In summary, we have identified two regions of R1 that mediate its interaction with DNA-PK. Blocking either one or both of these interfaces could potentially be a means to prevent the association of DNA-PK with R1 and, hence, prevent activation of DNA-PK by PP6c. However, we believe that the N-terminal region of R1 is the primary interface. Solving the crystal structure of DNA-PK in complex with either one or both of the binding sites of R1 could aid in the rational development of small molecule or peptide inhibitors to block the DNA·PK·R1 association. Targeting the DNA·PK·R1 interface would specifically prevent radiation-induced DNA-PK activation without affecting its other cellular functions. This approach can be exploited to specifically impair DNA repair in tumor cells by using targeted radiation delivery to improve tumor cell killing. The advantage of this approach would be that by specifically blocking the radiation-induced DNA-PK activation, the toxic effects associated with general DNA-PK inhibition could be circumvented. Also, because this approach does not involve knockdown or chemical inhibition of either R1 or PP6c, the normal functions of these proteins would also remain unaffected. Although we have defined the DNA-PK-R1 interface, further investigations are necessary to determine whether this interface can be exploited as a druggable target.

Supplementary Material

Supplemental Data:

*This work was supported, in whole or in part, by National Institutes of Health grant 5R01CA142823-02 (to J. M. L.).

An external file that holds a picture, illustration, etc.
Object name is sbox.jpgThis article contains supplemental Figs. S1–S4.

2The abbreviations used are:

double strand break
ionizing radiation
homologous recombination
DNA-dependent protein kinase
ataxia telangiectasia mutated protein
protein phosphatase
protein phosphatase 6 catalytic subunit
R1, PP6 regulatory subunit R1
R2, PP6 regulatory subunit R2
R3, PP6 regulatory subunit R3
DNA-dependent protein kinase catalytic subunit
sit4-associated protein subunit.


1. Chan D. W., Lees-Miller S. P. (1996) The DNA-dependent protein kinase is inactivated by autophosphorylation of the catalytic subunit. J. Biol. Chem. 271, 8936–8941. [PubMed]
2. Lees-Miller S. P. (1996) The DNA-dependent protein kinase, DNA-PK. 10 years and no ends in sight. Biochem. Cell Biol. 74, 503–512. [PubMed]
3. Allalunis-Turner M. J., Barron G. M., Day R. S., 3rd, Dobler K. D., Mirzayans R. (1993) Isolation of two cell lines from a human malignant glioma specimen differing in sensitivity to radiation and chemotherapeutic drugs. Radiat. Res. 134, 349–354. [PubMed]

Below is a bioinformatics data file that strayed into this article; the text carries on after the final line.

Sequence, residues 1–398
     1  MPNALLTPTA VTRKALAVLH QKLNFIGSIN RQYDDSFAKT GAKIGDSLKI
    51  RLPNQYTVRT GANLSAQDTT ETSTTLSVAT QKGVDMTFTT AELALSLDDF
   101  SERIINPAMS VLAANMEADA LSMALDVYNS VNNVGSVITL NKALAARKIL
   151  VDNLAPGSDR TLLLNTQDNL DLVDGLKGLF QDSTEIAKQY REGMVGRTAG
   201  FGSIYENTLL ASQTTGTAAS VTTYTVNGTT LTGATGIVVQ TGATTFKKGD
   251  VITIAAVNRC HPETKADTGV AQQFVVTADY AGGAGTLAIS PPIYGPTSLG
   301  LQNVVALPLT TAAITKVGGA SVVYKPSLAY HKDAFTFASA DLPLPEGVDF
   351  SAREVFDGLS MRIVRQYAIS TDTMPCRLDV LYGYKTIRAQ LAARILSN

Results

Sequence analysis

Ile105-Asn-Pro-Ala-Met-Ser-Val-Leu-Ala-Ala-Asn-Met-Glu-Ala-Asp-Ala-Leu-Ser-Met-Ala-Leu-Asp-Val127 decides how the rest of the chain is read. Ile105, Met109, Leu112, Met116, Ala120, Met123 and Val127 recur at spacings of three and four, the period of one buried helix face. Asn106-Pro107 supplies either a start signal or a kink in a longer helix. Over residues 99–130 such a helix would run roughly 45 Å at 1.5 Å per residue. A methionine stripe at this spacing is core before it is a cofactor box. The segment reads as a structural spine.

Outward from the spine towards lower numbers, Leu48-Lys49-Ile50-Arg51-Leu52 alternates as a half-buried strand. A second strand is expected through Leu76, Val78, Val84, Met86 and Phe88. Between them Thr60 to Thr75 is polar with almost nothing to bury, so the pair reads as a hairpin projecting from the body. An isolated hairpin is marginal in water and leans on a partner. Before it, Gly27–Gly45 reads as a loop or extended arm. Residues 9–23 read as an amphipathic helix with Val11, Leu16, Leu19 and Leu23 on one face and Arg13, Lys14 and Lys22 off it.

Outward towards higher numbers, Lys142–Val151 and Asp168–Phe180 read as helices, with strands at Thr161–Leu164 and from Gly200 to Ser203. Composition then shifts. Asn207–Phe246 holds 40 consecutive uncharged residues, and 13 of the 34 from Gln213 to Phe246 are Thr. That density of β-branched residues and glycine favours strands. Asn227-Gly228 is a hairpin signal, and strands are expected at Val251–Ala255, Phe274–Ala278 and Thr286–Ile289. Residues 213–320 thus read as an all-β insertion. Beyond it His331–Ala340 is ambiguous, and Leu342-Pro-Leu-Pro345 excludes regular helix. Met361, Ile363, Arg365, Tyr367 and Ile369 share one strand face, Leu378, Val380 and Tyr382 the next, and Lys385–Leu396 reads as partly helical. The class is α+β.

4. Collis S. J., Swartz M. J., Nelson W. G., DeWeese T. L. (2003) Enhanced radiation and chemotherapy-mediated cell killing of human cancer cells by small inhibitory RNA silencing of DNA repair factors. Cancer Res. 63, 1550–1554. [PubMed]
5. Peng Y., Zhang Q., Nagasawa H., Okayasu R., Liber H. L., Bedford J. S. (2002) Silencing expression of the catalytic subunit of DNA-dependent protein kinase by small interfering RNA sensitizes human cells for radiation-induced chromosome damage, cell killing, and mutation. Cancer Res. 62, 6400–6404. [PubMed]
6. Durant S., Karran P. (2003) Vanillins. A novel family of DNA-PK inhibitors. Nucleic Acids Res. 31, 5501–5512. [PMC free article] [PubMed]
7. Ismail I. H., Mårtensson S., Moshinsky D., Rice A., Tang C., Howlett A., McMahon G., Hammarsten O. (2004) SU11752 inhibits the DNA-dependent protein kinase and DNA double-strand break repair resulting in ionizing radiation sensitization. Oncogene 23, 873–882. [PubMed]
8. Shinohara E. T., Geng L., Tan J., Chen H., Shir Y., Edwards E., Halbrook J., Kesicki E. A., Kashishian A., Hallahan D. E. (2005) DNA-dependent protein kinase is a molecular target for the development of noncytotoxic radiation-sensitizing drugs. Cancer Res. 65, 4987–4992. [PubMed]
9. Veuger S. J., Curtin N. J., Richardson C. J., Smith G. C., Durkacz B. W. (2003) Radiosensitization and DNA repair inhibition by the combined use of novel inhibitors of DNA-dependent protein kinase and poly(ADP-ribose) polymerase-1. Cancer Res. 63, 6008–6015. [PubMed]
10. Taccioli G. E., Amatucci A. G., Beamish H. J., Gell D., Xiang X. H., Torres Arzayus M. I., Priestley A., Jackson S. P., Marshak Rothstein A., Jeggo P. A., Herrera V. L. (1998) Targeted disruption of the catalytic subunit of the DNA-PK gene in mice confers severe combined immunodeficiency and radiosensitivity. Immunity 9, 355–366. [PubMed]